LOCATION: 190 miles W of Fernando de Neronha (and our Leg 1 track)
WINDSPEED: 17 kts
BOATSPEED: 18.5 kts
DISTANCE TO EQUATOR: 240 miles
CAMPER first appeared on the horizon two days ago and we managed to keep them there. But yesterday they kept coming, they kept getting bigger, and it seemed like there was nothing we could do to stop them. We were hemorrhaging miles and we knew it, losing bearing and range all the time.
So what do you do to stop the bleeding? You hit reset. We went back to pre-race training mentality and established a baseline setting for the boat, began treating our speed in relative terms, using CAMPER’s close proximity as anyone in a two-boat testing program would. We’d make a small change here, another there, and we’d monitor their vitals on our radar. If results were positive, we’d adjust our “base,” and if they showed no improvement, we’d advance to the next variable on the list.
This kind of testing is simple in theory but complex in execution. Boats are changing speeds all the time and it’s impossible to know if differences in performance are due to setup changes or things like wind and waves, conditions one might have that another does not. It can be hard to realize the effectiveness of modifications when you can’t regulate certain parameters, like weather.
But we needed to try, and try we did. We started with simple mode changes: high and slow, low and fast, then somewhere in between. Nothing helped; they were always gaining. So we turned to our downwind sails and their trim. We compared our A5/GS (genoa staysail) combination to our A5/J4 (small jib) setup. Small gain found. Next we tried over-sheeting, then we tried over-easing, we tried a narrow slot, we tried a super-twisted setup. We played with daggerboard settings. We played with ballast location. If we could move it, it was moved. If we could adjust it, it was adjusted. And gradually, over the course of a day, we lessened the losses.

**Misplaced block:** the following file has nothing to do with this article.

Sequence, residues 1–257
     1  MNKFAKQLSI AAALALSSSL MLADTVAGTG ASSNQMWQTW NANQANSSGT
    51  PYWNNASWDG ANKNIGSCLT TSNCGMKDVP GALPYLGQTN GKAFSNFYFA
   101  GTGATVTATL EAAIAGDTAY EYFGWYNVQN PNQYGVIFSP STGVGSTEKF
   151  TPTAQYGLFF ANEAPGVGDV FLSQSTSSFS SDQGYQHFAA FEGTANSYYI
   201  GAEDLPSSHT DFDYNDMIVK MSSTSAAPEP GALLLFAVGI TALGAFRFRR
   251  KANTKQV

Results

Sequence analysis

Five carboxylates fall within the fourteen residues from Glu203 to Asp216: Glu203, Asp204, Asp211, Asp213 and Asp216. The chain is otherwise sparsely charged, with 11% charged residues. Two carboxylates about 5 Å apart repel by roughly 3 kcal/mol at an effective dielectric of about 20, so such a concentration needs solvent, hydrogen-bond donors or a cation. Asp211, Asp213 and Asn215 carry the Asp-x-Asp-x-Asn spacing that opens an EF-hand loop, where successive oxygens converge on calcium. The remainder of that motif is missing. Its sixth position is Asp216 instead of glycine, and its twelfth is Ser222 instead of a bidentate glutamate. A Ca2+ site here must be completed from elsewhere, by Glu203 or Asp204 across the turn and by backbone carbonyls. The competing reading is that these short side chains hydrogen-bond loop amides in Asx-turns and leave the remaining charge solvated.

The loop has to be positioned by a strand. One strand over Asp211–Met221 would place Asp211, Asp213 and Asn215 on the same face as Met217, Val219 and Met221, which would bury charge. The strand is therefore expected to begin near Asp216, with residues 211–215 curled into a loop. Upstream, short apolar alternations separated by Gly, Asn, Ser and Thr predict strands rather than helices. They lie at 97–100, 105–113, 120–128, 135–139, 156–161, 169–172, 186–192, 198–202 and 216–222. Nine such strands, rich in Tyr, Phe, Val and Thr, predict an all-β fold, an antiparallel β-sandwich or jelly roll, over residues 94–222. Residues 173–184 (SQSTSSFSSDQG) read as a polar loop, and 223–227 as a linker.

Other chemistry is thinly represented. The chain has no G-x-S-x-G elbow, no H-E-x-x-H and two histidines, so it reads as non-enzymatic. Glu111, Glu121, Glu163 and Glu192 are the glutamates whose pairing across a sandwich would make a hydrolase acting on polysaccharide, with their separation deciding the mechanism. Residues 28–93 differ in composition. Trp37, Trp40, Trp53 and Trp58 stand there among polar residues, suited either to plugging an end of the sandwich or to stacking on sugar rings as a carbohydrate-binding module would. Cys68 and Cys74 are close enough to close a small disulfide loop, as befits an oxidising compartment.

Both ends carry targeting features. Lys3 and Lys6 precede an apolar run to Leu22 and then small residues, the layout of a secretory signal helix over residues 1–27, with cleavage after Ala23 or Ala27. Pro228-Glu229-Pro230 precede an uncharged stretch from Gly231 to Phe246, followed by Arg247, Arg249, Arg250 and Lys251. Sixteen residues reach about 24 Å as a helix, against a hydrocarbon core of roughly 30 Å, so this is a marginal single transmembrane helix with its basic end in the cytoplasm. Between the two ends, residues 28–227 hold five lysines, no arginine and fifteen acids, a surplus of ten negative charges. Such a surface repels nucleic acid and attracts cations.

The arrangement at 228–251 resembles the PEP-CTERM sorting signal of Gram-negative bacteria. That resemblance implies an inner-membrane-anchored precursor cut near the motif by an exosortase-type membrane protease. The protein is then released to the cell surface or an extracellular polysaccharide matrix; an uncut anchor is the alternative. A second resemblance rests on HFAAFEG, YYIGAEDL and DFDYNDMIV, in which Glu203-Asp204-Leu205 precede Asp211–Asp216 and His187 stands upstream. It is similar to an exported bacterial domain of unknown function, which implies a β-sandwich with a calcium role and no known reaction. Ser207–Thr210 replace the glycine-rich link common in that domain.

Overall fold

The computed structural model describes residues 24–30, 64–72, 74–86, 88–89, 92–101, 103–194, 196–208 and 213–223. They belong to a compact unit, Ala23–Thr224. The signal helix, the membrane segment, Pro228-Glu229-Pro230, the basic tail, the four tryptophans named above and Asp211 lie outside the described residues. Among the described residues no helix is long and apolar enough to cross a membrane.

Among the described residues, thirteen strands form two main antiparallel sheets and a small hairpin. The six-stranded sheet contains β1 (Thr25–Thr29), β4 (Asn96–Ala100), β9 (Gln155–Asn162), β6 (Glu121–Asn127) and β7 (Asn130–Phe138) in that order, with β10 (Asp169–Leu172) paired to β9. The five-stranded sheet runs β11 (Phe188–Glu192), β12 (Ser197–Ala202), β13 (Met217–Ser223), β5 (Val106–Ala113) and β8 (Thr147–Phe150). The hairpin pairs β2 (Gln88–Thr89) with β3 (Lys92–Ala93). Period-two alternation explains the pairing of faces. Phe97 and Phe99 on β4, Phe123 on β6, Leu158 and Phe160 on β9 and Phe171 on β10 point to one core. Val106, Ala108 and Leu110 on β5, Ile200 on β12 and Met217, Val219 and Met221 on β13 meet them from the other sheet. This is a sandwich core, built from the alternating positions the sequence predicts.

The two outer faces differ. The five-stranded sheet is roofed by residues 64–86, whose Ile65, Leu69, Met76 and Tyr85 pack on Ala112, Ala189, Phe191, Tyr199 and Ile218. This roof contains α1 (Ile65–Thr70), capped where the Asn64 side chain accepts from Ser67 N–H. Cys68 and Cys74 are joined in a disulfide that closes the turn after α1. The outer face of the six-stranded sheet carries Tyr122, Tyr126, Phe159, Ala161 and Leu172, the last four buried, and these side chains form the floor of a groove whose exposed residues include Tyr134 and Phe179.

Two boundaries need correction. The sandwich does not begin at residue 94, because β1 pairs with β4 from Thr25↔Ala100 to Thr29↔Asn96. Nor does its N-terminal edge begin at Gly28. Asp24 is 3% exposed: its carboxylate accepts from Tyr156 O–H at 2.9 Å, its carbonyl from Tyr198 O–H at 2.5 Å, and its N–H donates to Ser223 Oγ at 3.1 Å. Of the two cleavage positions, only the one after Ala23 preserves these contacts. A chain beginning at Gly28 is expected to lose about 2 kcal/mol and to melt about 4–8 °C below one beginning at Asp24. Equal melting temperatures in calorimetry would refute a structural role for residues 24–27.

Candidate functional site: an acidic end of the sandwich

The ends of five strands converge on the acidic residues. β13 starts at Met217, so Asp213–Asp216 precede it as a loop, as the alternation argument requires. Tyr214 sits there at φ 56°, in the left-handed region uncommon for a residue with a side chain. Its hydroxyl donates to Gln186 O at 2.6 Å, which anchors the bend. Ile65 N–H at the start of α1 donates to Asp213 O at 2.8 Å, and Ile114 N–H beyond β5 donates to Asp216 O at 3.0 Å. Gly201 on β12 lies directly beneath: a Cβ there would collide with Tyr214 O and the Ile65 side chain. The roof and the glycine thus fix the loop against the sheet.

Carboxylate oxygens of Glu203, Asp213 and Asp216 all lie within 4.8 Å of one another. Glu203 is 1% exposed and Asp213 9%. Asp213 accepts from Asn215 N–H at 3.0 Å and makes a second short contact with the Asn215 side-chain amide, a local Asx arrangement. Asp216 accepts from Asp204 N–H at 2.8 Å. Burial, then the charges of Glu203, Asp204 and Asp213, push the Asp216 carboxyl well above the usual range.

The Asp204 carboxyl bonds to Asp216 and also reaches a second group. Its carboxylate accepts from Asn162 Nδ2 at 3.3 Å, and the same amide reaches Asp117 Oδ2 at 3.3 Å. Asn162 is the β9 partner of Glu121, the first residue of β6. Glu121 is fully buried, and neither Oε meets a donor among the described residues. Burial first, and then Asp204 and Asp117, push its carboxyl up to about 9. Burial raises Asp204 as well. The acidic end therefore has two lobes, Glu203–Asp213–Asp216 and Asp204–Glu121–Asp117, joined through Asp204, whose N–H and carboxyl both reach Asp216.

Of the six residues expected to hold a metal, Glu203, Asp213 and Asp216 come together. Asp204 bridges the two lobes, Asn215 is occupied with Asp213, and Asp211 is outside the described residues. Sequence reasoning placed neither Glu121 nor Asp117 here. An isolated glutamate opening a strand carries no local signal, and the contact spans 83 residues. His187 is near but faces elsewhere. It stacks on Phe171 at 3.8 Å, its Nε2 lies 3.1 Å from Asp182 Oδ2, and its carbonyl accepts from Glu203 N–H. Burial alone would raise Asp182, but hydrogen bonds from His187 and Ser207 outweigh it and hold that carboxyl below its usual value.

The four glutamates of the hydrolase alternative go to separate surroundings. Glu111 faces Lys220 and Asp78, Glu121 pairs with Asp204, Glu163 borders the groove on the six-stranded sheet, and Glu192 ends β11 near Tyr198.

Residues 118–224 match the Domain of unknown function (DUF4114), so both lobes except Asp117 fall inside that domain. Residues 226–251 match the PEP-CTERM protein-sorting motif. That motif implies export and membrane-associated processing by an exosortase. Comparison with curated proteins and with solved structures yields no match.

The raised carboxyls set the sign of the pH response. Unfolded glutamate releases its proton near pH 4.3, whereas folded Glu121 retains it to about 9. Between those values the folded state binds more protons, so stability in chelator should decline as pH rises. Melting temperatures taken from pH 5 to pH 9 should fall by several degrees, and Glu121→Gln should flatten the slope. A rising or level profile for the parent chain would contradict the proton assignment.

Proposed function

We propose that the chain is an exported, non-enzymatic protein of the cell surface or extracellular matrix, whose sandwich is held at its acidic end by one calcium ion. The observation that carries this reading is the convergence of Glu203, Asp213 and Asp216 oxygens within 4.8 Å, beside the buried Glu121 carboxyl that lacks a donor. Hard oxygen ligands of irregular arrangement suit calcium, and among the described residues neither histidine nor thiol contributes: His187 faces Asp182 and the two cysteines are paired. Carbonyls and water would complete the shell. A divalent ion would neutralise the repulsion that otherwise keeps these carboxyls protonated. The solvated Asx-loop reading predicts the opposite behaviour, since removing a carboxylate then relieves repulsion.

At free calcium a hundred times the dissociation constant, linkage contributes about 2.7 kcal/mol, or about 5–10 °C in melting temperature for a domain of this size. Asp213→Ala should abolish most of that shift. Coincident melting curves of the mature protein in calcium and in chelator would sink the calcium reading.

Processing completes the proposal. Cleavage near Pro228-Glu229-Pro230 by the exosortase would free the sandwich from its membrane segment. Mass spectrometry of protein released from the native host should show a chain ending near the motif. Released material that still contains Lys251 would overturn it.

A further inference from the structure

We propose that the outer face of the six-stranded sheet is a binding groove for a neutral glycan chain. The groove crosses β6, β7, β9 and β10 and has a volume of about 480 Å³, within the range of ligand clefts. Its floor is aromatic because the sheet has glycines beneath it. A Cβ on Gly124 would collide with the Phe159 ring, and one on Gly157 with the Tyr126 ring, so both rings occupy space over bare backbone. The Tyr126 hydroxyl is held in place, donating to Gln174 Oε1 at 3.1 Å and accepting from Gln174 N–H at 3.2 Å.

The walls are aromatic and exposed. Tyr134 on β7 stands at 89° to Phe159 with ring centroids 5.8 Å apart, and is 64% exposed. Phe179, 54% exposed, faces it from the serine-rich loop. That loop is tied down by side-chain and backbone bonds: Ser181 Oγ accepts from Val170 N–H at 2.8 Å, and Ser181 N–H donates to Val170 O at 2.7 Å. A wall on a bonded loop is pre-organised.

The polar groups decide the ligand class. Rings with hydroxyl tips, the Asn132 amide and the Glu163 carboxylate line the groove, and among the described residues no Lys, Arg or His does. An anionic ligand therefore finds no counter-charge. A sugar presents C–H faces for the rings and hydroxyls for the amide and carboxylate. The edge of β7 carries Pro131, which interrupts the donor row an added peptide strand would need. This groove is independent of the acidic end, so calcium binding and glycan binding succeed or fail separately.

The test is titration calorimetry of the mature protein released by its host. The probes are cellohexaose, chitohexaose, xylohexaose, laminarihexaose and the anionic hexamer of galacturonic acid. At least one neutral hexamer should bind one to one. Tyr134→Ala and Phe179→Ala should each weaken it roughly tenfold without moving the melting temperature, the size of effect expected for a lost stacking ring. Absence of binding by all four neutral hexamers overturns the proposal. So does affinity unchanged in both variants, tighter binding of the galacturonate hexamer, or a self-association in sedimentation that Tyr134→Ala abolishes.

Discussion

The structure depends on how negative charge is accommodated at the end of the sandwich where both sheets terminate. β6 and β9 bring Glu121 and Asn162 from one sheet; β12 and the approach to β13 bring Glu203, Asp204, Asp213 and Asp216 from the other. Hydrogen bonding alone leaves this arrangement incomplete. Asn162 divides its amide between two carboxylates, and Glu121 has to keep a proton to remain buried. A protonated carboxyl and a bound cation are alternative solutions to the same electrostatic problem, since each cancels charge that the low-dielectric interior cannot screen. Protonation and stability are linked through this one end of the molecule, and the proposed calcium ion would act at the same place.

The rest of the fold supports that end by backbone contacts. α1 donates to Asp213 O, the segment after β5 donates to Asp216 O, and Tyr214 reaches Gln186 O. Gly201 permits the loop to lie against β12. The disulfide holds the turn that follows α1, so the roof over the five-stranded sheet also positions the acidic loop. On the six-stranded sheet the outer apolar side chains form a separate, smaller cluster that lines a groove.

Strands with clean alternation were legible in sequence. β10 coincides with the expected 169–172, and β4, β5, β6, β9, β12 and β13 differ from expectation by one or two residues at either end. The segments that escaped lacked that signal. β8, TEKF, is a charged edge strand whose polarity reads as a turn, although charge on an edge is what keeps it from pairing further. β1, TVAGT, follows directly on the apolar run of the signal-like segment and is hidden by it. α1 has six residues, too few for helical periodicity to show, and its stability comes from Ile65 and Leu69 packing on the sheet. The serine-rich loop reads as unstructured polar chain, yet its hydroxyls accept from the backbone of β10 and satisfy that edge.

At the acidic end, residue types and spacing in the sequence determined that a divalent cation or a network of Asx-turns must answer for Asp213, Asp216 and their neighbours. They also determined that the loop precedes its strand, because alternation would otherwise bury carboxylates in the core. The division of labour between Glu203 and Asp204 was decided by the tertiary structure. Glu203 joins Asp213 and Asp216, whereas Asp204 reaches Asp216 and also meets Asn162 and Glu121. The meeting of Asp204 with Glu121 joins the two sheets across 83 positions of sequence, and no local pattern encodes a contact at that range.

Finally, by the time they were abeam of us at a range of about five miles, we matched their speed. Coincidentally, about this time, wind speeds grew substantially. Whether our successes were the by-product of many small alterations or whether it was something as simple as getting the stronger winds they enjoyed all day…well, we’ll never know. But we do know that on day six of Leg 6, after more than a year of sailing Mar Mostro, we continue to learn about our boat. The education process never ends!
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“It’s far too pleasant out here. I’ve already forgotten the Southern Ocean… Unfortunately contemplating my next Volvo.” – Jono Swain